And then, there’s The Ecstasy of Saint Teresa– a much more pleasant depiction of sexuality. St. Teresa was a nun well known in her time for having an incredible vision from God. However, in depictions of her, she is very clearly orgasmic- a look I’m sure Bernini knew well. It’s a very interesting idea to me, conflating the religious with the sexual, since the two are generally at odds with each other, although with the passion Bernini so obviously poured into his work, it’s not surprising that he would portray Teresa with the same passion.

blessed-ludicova

Where you can argue whether or not Saint Teresa is just in the throes of heavenly contact, there is no denying the sexual nature of the memorial sculpture Bernini created for Blessed Ludovica Albertoni. The, once again, nun, is lying on her back caressing her breasts and torso, with the sheets surrounding her bunched in a suggestive manner, and of course a euphoric look on her face.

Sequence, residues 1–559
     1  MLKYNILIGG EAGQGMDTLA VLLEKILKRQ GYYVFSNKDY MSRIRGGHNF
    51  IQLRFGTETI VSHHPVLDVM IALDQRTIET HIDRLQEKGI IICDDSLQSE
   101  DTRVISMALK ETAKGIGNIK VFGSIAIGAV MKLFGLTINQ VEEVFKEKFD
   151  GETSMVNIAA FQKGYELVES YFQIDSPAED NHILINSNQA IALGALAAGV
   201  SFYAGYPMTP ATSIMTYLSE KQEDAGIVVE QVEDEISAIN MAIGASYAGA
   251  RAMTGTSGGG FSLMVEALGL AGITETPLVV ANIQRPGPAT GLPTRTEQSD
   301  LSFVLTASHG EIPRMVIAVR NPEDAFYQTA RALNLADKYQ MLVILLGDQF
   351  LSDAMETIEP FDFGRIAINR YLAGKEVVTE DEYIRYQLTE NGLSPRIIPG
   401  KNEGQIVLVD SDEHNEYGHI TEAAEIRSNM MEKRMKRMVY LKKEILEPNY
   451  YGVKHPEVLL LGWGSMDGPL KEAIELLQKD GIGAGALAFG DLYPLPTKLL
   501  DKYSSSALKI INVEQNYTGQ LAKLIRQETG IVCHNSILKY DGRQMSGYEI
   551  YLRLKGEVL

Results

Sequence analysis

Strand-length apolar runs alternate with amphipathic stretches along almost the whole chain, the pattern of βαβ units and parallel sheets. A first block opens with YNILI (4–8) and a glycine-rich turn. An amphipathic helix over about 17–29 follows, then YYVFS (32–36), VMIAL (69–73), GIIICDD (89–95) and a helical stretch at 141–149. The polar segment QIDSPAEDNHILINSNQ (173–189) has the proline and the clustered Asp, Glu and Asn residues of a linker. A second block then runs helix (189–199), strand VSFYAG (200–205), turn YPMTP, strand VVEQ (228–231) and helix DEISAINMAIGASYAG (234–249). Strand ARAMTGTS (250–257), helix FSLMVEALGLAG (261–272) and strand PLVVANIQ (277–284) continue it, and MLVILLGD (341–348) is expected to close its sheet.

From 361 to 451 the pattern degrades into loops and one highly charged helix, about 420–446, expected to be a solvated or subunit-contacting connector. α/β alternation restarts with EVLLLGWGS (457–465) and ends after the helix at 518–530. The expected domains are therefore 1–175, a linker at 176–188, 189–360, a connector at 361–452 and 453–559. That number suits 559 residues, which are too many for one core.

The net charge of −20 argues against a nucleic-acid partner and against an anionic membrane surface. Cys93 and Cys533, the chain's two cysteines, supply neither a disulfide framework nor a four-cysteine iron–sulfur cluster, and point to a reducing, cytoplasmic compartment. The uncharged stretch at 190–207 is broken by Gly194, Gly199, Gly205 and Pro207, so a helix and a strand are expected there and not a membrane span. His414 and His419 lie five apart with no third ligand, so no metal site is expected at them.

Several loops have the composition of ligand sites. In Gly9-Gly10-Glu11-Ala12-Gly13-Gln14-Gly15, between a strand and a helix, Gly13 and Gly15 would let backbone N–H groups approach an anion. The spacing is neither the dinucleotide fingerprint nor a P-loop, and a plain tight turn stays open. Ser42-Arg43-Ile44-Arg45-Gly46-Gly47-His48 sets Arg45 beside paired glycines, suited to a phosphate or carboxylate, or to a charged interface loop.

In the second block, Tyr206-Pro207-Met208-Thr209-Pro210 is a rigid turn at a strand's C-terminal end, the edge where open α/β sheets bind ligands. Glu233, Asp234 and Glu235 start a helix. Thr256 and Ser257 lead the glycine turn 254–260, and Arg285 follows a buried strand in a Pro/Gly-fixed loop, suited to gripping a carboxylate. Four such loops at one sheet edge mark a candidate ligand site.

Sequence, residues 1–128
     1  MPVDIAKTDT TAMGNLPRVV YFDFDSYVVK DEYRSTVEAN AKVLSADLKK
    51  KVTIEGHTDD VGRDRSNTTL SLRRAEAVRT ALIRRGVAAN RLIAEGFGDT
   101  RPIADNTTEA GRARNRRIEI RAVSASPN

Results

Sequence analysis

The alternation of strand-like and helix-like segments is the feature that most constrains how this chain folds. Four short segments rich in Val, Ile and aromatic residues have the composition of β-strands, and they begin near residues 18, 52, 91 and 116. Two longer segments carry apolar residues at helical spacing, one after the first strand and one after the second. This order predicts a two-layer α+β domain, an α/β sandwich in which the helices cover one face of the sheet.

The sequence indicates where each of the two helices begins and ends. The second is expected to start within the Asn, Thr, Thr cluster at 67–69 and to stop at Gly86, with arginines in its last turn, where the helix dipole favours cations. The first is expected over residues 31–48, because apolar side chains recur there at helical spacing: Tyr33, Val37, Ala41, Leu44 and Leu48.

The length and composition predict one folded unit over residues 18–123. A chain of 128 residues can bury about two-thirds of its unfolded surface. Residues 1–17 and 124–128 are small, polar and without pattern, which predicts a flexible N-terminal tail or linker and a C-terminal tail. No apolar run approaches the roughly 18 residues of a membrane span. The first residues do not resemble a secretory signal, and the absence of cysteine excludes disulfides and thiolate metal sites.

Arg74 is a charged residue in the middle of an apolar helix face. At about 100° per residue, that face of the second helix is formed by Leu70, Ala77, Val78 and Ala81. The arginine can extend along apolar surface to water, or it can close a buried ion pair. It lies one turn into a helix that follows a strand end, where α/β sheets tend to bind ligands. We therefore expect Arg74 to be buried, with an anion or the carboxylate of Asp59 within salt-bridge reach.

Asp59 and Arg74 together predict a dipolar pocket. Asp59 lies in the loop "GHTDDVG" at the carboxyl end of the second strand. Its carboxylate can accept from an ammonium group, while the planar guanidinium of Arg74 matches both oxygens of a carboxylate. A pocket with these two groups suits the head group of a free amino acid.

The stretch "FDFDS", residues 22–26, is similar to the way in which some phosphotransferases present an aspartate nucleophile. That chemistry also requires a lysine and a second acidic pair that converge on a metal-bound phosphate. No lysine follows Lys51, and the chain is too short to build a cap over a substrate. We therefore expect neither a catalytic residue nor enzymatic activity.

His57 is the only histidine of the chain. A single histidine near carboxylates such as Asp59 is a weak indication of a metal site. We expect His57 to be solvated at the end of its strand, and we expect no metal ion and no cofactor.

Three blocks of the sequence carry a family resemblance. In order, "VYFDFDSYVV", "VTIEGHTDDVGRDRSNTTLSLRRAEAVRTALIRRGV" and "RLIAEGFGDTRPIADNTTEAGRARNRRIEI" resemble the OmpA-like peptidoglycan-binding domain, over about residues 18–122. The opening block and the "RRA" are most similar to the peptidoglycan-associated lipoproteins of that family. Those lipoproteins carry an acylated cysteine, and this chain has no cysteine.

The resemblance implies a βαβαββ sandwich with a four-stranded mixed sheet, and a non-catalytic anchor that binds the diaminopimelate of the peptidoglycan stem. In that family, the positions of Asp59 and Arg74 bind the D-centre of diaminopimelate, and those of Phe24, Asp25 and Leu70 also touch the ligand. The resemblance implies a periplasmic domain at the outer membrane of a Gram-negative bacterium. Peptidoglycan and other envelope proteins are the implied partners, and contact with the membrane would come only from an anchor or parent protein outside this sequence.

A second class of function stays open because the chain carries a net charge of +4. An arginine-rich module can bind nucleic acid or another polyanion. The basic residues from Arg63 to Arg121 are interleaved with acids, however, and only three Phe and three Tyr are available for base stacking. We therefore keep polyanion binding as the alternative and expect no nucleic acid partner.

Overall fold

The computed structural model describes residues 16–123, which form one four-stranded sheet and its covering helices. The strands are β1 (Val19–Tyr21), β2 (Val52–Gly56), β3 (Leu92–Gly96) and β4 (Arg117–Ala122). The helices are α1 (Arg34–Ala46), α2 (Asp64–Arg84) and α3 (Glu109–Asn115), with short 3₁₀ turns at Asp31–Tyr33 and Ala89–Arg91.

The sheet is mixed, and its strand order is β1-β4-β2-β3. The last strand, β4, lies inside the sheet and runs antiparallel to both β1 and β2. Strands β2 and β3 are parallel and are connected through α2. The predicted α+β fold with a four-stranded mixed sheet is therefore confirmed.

Gian Lorenzo Bernini was a man of such intense ardor and energy that you can tangibly feel it when looking at his sculptures, you get the feeling he left a piece of his soul in each one. It’s as if they’re formed out of flesh and emotion, not cold marble. They become a moment frozen in time, no longer a monument to whomever they may be dedicated. Utterly incredible.

The Evolution of Street Art

Vandalism is illegal, right? That’s common knowledge, I’m sure. But what about when you take something ordinary and make art out of it? How can society dictate what’s art and what’s vandalism?